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I am working on zero-inflated count data models using the pscl package. I am just wondering why there is no development of models for one-inflated count data models! Also why there is no development of bimodal, say zero-and-2-inflated, count data models! Once I generated one-inflated Poisson data and found that neither the glm with family=poisson model nor the negative binomial (glm.nb) model was good enough to fit the data well. If any one can shed some light on my thought, eccentric though it might be, it would be very helpful for me.

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    $\begingroup$ I wrote a grant proposal once to work on software for this, but it got turned down. $\endgroup$ – Peter Flom Jul 3 '14 at 9:34
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    $\begingroup$ I expect there's little to say than there's less call for it so people don't mention it as much, but it's not like it wouldn't ever have been done; it may not have been discussed much. The ideas aren't really introducing much that's substantively different from the common 0-case. $\endgroup$ – Glen_b Aug 25 '16 at 4:03
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A one-inflated Poisson model for a count $Y_i$ is

$$\begin{align}\Pr(Y_i = 1) &= \pi_i +(1-\pi_i)\cdot\mu_i\mathrm{e}^{-\mu_i}\\ \Pr(Y_i = y_i) &= (1-\pi_i)\cdot\frac{\mu_i^{y_i}\mathrm{e}^{-\mu_i}}{y_i!} \qquad \text{when } y_i\neq 1 \end{align}$$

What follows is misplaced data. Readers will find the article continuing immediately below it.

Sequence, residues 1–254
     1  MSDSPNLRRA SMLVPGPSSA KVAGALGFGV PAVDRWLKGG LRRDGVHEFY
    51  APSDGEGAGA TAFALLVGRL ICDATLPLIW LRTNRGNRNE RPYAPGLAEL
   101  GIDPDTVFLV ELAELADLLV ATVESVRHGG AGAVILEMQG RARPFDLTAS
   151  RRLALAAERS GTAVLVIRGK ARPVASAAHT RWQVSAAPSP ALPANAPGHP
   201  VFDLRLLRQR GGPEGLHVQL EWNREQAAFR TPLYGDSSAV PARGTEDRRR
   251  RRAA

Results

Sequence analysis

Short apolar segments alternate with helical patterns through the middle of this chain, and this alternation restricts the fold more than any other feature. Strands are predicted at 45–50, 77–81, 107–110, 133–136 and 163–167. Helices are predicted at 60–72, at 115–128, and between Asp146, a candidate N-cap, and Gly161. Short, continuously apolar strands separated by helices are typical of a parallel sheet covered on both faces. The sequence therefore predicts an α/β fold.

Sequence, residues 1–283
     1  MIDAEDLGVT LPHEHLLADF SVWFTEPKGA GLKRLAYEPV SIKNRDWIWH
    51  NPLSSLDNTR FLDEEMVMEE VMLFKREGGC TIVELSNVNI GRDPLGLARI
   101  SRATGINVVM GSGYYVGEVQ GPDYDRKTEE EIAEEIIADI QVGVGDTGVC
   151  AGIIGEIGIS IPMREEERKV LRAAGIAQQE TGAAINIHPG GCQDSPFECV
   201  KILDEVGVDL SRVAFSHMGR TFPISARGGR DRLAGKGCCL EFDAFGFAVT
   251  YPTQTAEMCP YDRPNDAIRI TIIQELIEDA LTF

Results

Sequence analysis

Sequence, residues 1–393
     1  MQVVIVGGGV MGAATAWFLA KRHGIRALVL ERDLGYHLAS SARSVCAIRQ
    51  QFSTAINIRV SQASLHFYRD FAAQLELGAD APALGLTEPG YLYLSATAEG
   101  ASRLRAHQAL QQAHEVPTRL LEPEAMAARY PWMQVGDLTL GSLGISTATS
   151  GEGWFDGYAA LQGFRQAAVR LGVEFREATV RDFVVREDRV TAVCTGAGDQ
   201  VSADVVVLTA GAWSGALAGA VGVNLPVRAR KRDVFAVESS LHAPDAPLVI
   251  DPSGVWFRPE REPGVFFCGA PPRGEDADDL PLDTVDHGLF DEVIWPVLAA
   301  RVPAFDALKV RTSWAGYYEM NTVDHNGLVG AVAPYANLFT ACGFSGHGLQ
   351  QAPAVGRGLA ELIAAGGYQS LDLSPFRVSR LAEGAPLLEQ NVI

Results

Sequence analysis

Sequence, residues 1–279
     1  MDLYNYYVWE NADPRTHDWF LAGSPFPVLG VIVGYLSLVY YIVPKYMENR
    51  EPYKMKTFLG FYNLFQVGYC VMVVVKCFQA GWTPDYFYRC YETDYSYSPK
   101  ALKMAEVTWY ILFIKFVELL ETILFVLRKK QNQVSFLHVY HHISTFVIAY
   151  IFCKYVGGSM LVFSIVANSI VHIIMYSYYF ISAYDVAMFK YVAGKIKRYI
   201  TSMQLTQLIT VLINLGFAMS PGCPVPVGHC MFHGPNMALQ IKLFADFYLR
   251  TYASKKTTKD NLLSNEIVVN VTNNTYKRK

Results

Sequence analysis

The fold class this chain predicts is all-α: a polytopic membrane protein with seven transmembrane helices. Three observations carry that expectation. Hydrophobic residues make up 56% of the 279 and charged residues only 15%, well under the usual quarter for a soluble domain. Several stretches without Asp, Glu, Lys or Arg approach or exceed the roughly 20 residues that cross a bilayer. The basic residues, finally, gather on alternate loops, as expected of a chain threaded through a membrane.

where the Poisson mean $\mu_i$ & Bernoulli probability $\pi_i$ are related to the predictors through appropriate link functions. You can define a similar model to inflate probabilities for any values you choose.

Still, zero has a special (& once controversial) place among the counting numbers—in a sense representing the absence of anything to count. And it's the "nothing" vs "something" distinction, rather than the "one" vs "any other count" distinction that tends to be relevant across a wide range of phenomena we like to model: there's one process that gives a nought, one, two, ... count & another that gives no count at all.

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  • $\begingroup$ Thank you for your response. I agree with how you explained why zero counts have drawn so much interest that other counts. Still, I wanted to learn more about one-inflated count data models. When I tried to write the code in R for one-inflated regression model with covariates then the estimates were wrong. I am sure I have made mistakes in score function and hessian matrix. Can you please recommend me any text/article that may help me to learn more on it? $\endgroup$ – overwhelmed Mar 21 '14 at 20:36
  • $\begingroup$ Don't know of anything on fitting one-inflated Poisson models specifically. As one-inflation is only a slight modification of zero-inflation, reading up on the latter should help. I'd think a few alterations to the zeroinfl code should do it - changing the zero-inflated Poisson likelihood & score to match the model above (or try just changing the likelihood & not passing the score to optim). You can also of course ask here or on SO as appropriate for references or help with things you're stuck on. $\endgroup$ – Scortchi Mar 24 '14 at 12:25
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The R package VGAM has function vglm which can be used to fit all sorts of Poisson-esque models. You can use it to specify a one-inflated model, so something like vglm(Y~X,family=oipospoisson(),data=data). See here for more details.

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